How To Write A Business Case

How to write a business case

What is a business case and how do you create one for your project?

A business case is a keystone document to any new project, start-up or business. It is usually a formal document that outlines the reasons for the venture, looks at options and weighs up the cost-benefit of the proposal.

In project management the business case is part of the Initiation phase of the Project Life Cycle and forms part of the Project Initiation Document (PID) in PRINCE2.

How do you write a business case? 

A good business case is concise and it is worth remembering that most ideas can be summarised on one piece of paper. A well-crafted proposal will be interesting to read and the vision should be clear.  Subsequently the document should capture the imagination of those who are sanctioning the project. The business case should also consider the options available and provide evidence to support the recommendation.  This in turn will make the proposal easier to agree to.

What should you include?

There are many different formats available for building business cases but there is no one perfect template.  However, they generally include some common elements, such as the following:

  • Overview – An executive summary of the business case. An introduction and background to the project.
  • Aim – The issue, purpose or demand. The objective and scope of the project.
  • Benefits – The benefits and outcomes of the project.
  • Options – Outline of the courses of action available.
  • Risks – Identification of the most serious risks for each option and how they be mitigated.
  • Costs – Outline of costs for each option and required resources. Investment profile and cost/risk/benefit analysis.
  • Duration – Key dates, time constraints and outline schedule.
  • Recommendations – Choice of course and next steps.
Project management triangle

In project terms these reflect the key elements of the Project Management Triangle (the Triple Constraint model) that reflects the interdependencies between time, cost, scope and quality. The business case should help to identify which are the most important elements and priorities within this relationship.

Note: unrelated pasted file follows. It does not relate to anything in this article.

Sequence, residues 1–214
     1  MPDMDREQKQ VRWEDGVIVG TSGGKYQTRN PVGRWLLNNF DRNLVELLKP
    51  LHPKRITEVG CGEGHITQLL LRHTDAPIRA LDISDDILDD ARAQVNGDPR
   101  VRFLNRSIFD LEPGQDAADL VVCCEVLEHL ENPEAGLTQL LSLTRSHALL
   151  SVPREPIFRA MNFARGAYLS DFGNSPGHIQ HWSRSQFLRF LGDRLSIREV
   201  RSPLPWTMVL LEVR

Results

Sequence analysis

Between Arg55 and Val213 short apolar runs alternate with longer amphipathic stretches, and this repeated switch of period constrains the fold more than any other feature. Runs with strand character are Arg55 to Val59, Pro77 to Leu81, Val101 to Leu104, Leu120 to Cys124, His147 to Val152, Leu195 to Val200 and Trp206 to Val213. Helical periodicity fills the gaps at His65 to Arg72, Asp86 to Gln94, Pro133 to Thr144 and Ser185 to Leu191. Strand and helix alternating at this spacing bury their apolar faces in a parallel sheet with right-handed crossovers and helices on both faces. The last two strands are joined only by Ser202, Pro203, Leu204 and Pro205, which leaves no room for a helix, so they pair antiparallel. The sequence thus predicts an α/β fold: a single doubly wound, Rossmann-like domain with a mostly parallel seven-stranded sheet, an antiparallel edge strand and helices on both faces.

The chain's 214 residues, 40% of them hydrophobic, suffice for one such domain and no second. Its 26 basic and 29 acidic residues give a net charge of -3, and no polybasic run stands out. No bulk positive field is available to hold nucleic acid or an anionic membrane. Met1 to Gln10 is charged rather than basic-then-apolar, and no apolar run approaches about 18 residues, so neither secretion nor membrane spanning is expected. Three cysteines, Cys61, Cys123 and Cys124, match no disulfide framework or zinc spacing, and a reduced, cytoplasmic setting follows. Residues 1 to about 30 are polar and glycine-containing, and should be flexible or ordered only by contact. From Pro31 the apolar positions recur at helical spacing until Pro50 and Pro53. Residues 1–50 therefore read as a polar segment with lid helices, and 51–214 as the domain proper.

Business Case Template

One easy way to remember the key elements of a business case is by using The Right Questions method.  If you follow through The Right Questions process it will allow you to explore the questions that you need to answer.  Then these answers can be place into the appropriate format.

For example, if we take some of the key questions from The Right Questions process and combine them with the business case outline from above we can come up with the following business case template:

OverviewWhere have we come from to get to this point?


Where are we now? What is the present situation?

Where do we want to get to with this project?


Why do we need this project?

Why does the project align with our values?

Why do we believe the project will succeed?


Who are the stakeholders in the project?

Who is the market?


AimWhat is the aim?


What is the scope of the project?


BenefitsWhat are the benefits?



Who are the beneficiaries?


OptionsWhich options are available to us?



RisksWhich risks are attached to these options?


Which are the most important risks?

Which mitigation measures can be applied?


CostsHow much will each option cost?


How will resources be allocated?

How do we measure the costs versus the benefits?

How do we measure progress?


DurationWhen does the project need to be completed by?


When can we start?

When can each element of the project be achieved (the schedule or programme)


Recommendations and ConclusionsWhich option is recommended and why?



Who should be in the team?

Who needs to sign off on the business case?


Once the business case is written and refined it is possible to revisit each of the stages of The Right Questions process again and therefore add more detail. This will provide the basis of your project plan.

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